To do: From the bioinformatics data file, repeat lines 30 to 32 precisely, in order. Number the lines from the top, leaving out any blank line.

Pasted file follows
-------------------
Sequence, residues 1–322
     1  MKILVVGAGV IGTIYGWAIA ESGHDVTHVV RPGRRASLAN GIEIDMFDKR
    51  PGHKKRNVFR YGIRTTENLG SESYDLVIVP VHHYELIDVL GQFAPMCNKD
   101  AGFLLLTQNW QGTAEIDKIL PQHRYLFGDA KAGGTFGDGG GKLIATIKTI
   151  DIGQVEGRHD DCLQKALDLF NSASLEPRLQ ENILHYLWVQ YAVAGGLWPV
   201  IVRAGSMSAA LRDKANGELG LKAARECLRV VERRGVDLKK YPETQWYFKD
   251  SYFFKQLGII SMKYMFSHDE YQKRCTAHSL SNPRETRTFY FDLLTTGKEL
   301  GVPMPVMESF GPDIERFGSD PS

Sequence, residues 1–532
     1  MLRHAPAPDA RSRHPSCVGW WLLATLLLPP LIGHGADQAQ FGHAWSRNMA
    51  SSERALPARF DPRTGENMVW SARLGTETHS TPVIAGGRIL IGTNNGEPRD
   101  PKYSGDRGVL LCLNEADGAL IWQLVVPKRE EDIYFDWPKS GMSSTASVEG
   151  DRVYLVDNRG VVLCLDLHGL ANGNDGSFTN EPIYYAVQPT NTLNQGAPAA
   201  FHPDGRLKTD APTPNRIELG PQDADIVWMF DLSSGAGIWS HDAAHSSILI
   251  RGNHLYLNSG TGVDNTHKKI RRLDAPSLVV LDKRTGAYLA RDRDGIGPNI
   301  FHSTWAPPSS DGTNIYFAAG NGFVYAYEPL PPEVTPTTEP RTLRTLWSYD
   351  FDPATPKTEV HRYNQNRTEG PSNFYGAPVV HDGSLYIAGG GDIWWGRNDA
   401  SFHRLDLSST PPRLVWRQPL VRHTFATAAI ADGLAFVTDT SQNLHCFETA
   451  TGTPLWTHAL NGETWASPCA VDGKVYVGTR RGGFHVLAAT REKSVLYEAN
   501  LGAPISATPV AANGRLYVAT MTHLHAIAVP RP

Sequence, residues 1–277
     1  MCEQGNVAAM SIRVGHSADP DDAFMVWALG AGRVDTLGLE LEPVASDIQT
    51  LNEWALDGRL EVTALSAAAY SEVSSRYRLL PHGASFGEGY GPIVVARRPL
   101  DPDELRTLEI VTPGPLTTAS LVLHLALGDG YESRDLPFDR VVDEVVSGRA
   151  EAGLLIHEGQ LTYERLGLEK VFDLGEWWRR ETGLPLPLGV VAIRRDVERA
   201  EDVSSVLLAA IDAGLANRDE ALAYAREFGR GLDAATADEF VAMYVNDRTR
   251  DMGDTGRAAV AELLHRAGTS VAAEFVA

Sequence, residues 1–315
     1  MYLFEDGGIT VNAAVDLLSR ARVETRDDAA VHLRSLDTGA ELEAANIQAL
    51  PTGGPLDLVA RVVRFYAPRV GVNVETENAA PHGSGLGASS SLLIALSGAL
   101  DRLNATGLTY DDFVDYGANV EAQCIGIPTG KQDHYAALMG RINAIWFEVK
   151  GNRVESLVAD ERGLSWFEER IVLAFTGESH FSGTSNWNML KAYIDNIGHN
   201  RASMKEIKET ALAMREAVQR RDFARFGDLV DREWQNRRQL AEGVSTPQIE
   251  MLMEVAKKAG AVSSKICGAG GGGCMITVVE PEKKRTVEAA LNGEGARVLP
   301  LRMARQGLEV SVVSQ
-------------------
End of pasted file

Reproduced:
    51  PTGGPLDLVA RVVRFYAPRV GVNVETENAA PHGSGLGASS SLLIALSGAL
   101  DRLNATGLTY DDFVDYGANV EAQCIGIPTG KQDHYAALMG RINAIWFEVK
   151  GNRVESLVAD ERGLSWFEER IVLAFTGESH FSGTSNWNML KAYIDNIGHN